Tuesday, May 08, 2007

United Nations Weekend: Spanish/Austrian/British/French/English?

We had an international weekend starting with Spanish Dinner on Friday night. As always, we were in a noisy restaurant, which made it very difficult for me to hear Spanish Husband who is a bit of a quiet talker anyhow. Once when I said, "Huh?" he said "I thought we were speaking Spanish tonight." We WERE speaking Spanish when we could hear it! I did much better when Spanish Wife and I retired to the bar to smoke and drink coffee and discuss the ongoing battle with our recalcitrant facial hair. I was more relaxed and had vocabulary at hand to comment on things like my "bigote y barba.”

Saturday I went provisioning in Austria with my English friends. We went first to get fresh asparagus at an asparagus farm that I thought was not so far away, but when we got off the highway we wandered through village after village until I was not even sure where we were anymore. I was surreptitiously checking my little purse-sized map book, but it only has a tiny bit of Burgenland, Austria on it and we were off that part. I was starting to see signs for Hungary. Finally we drove into a village that had streets lined with buckeye trees (horse chestnuts to the Europeans), but in this village half of the trees had pink blooms instead of white ones. In fact, on the main street, one side of the street was lined with buckeye trees with white flowers and the other side was lined with buckeye trees with pink flowers. I've never seen anything like it. it was really lovely.

We parked in a little square next to the typical town clock tower with the typical stork nest on top (complete with the typical stork). And then we bought asparagus. Most of these little Austrian village houses come right up to the sidewalk with no front garden, and you can't see anything in or behind them because the houses all connect with one another. But when they open the big, wooden doors, then you walk into a courtyard, usually, or even a farm yard sometimes. This place had a lovely, long garden with a fish pond and blooming things, and at the end of the house was the asparagus showroom (complete with a cooler case exhibiting the various grades of asparagus) and a china cabinet with all sorts of dishes in an asparagus theme: a tea pot, a Hollandaise saucier, serving platters, etc) and asparagus factory, complete with owner's wife, sorting, weighing, and bundling bunches of asparagus. In ten days or so the season will be over, and then they will be selling strawberries.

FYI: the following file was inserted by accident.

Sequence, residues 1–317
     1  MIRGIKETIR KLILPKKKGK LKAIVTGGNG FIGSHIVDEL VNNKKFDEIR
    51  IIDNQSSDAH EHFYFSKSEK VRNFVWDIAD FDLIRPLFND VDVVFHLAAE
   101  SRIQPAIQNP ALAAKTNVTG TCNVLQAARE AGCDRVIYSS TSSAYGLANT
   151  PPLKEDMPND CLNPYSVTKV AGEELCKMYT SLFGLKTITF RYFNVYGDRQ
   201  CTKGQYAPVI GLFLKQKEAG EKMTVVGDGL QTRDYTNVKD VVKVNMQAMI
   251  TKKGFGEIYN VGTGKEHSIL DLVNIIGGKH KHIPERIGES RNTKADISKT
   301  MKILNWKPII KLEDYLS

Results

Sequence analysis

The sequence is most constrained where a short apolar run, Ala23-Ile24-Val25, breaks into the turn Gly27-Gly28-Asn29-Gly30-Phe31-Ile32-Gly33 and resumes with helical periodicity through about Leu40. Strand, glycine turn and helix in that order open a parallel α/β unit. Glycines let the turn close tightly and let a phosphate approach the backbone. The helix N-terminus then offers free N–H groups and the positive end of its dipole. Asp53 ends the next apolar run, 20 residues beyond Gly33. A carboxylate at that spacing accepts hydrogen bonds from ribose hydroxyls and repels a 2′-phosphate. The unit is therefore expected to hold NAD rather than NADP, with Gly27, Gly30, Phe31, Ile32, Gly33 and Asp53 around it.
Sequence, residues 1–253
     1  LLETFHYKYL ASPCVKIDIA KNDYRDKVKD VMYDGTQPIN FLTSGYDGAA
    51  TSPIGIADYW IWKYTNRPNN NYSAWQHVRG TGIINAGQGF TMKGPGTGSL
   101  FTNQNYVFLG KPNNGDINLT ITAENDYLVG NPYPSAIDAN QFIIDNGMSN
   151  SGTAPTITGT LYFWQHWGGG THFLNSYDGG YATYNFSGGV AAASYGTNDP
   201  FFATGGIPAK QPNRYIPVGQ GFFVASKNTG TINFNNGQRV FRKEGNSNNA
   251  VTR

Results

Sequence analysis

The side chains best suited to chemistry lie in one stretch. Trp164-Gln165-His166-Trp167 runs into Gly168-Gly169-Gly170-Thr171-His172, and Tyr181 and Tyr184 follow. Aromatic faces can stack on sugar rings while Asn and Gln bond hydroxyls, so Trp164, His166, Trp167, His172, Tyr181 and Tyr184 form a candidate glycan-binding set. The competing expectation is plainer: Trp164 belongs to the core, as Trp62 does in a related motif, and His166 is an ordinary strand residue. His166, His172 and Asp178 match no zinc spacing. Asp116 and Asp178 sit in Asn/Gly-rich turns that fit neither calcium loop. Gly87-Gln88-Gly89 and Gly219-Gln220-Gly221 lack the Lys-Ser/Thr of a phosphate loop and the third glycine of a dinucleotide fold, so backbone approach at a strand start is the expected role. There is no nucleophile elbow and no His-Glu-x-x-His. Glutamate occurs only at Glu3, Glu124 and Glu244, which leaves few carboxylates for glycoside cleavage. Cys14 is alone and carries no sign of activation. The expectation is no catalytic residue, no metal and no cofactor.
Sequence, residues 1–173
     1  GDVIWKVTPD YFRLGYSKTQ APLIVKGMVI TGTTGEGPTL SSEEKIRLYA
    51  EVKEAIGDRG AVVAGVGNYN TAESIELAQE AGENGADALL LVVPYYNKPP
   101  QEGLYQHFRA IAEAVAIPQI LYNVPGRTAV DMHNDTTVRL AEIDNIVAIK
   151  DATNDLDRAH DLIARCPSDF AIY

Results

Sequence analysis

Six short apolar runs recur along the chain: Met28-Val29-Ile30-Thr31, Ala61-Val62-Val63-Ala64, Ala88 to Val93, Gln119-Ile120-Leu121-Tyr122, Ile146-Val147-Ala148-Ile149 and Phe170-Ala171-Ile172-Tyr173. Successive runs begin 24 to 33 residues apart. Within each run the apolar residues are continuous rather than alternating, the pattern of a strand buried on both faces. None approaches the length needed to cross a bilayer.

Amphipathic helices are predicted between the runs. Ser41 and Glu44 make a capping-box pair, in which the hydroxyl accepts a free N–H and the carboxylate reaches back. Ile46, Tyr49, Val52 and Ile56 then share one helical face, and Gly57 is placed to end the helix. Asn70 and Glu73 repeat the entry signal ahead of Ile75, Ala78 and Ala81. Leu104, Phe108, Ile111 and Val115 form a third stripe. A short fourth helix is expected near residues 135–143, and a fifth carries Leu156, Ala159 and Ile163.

On the ride back from the asparagus vendor to lunch and then the grocery store, we listened to some hysterical P.G. Wodehouse stories about Blandings castle: one about a pumpkin and one, called "Pig-Hoo-o-o-o-ey" summarized, with thanks to Wikipedia, below:

Lord Emsworth, keen that his fat pig, the Empress of Blandings, should win the 87th annual Shropshire Agricultural Show, is distraught when his pigman, Wellbeloved, is sent to prison for fourteen days for being drunk and disorderly. The pig immediately goes off her feed, and with the vet baffled, Emsworth is in no state to listen to his sister Connie's bleatings about his niece Angela breaking off her engagement from Lord Heacham in favour of the quite unsuitable James Belford, who Emsworth himself always liked, being a friend of the lad's father, a local parson.

Emsworth, still distracted about his pig, is sent to London to have stern words with Belford; dining with him at the Senior Conservative Club, the conversation turns to pigs, and Belford, having spent two years on a Nebraska farm, proceeds to impress Emsworth with his knowledge of American pig-calls. He teaches Emsworth the master call, the "pig-hoo-o-o-o-ey" to which all pigs will respond, and Emsworth heads home happily.

Falling asleep on the train, Emsworth forgets the call, but while talking to Angela on the castle grounds, is reminded of it by the sound of Mrs Twemlow's gramophone. He, Beach and Angela all try the call on the Empress, but to no avail; just when all looks black, Belford arrives, shows them how the call should really sound, and to everyone's delight the Empress tucks heartily into her food. She goes on, of course, to win the contest.